"It shows that travel and recreation are a substantial component in the county," he said. "That presents challenges," such as providing affordable housing for workers and making available enough city services.

Aliski emphasized that one third of the market’s reliance on visitors is very notable.

"If you take away one third of your income, would that be significant?" he asked. "If you lost one third of your employees, would that be significant?"

The total impacts of visitor spending were 5,990 jobs and $120 million in earnings in 2000. That represents 37 percent of all employment and 29 percent of all earnings in the county.

For comparison, Runyan Associates weighed the lodging, eating, drinking and recreation earnings generated in several resort counties.

Out of six resort counties, Blaine was fifth for its percentage of tourist-related earnings at 15.3 percent of total earnings derived from tourist-related spending. Pitkin County in Colorado (Aspen) held the No. 1 spot at 26.4 percent of total earnings derived from tourist-related expenses.

Another of the study’s important discoveries is the delicate balance Blaine strikes between its diverse workforce and the affordability of living here, Klein said.

"Maybe the biggest challenge" facing Blaine County is retaining a diverse, county-based workforce while rents and home costs continue to skyrocket, he said.

The study shows the county’s assessed property value has climbed steadily from about $1.5 billion in 1990 to about $5 billion in 2000. This represents increases of about 9 percent annually.

County-wide earnings have not kept pace with the real estate prices.

Average annual earnings per job in Blaine grew from $18,400 in 1990 to $28,000 in 1999, about 5 percent per year.

"The average sale price of single-family homes in Sun Valley and Ketchum increased from 24 times average annual earnings in 1992 to 35 times average annual earnings in 2000," according to the study.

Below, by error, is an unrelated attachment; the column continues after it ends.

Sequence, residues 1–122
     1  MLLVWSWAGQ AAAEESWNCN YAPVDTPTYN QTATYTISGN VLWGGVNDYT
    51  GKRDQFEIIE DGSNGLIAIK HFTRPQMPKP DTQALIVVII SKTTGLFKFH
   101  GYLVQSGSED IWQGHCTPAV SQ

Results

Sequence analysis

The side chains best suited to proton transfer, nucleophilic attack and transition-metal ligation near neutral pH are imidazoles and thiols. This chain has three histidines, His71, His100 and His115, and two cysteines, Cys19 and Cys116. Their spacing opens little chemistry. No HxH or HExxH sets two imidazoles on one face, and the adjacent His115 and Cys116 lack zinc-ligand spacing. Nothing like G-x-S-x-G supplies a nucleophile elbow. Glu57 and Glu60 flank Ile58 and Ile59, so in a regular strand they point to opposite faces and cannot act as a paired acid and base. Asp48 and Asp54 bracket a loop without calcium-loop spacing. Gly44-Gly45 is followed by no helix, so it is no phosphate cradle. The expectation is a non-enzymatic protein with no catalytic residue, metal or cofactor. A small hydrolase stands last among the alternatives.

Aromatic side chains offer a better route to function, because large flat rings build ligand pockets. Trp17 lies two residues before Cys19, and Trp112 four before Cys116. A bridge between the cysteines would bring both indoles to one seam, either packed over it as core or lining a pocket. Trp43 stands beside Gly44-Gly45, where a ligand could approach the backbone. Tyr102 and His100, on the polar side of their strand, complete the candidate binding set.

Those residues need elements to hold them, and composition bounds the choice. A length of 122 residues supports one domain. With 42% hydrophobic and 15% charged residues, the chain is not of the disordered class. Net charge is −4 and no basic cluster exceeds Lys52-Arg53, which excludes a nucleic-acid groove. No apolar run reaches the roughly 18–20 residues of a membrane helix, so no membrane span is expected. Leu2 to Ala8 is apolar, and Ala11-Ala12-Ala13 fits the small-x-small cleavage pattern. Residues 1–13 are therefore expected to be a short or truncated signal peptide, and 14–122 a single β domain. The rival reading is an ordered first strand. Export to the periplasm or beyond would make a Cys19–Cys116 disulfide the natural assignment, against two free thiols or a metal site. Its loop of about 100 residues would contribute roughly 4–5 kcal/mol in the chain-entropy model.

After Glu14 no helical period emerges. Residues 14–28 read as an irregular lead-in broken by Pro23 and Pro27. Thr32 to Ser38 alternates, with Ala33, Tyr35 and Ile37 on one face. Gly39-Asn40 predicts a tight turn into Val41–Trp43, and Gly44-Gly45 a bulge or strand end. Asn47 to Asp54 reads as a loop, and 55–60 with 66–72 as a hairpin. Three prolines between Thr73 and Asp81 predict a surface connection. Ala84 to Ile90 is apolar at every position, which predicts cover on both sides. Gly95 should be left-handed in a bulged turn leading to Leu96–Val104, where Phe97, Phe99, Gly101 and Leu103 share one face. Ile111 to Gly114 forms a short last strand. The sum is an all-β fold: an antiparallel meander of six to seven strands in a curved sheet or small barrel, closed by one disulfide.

Hailey and Bellevue have remained more constant. The average sales price of single-family homes in the two south-valley communities has risen from about five times average annual earnings in 1990 to about seven times average annual earnings in 1999.

Should the gap between earnings and home costs continue, Blaine’s diverse workforce and marketplace could be at risk, Klein said.

Among the resort counties compared—Summit County, Utah (Park City), Teton County, Wyo. (Jackson), Pitkin County Colo. (Aspen), Routt County Colo. (Steamboat Springs) and Eagle County Colo. (Vail)—Blaine ties for fourth for population growth with Routt County at 3.4 percent growth over the past decade.

Blaine ranks last for employment growth at 3.6 percent, ranks fourth for per-capita income behind Aspen, Jackson and Park City, and ranks fourth for average single home sales price behind Aspen, Vail and Jackson.

Blaine comes in second, behind Jackson, for the amount of personal income derived from investments, with 36 percent of the county’s income derived from dividends, interest and rent.


The Idaho Mountain Express is distributed free to residents and guests throughout the Sun Valley, Idaho resort area community. Subscribers to the Idaho Mountain Express will read these stories and others in this week's issue.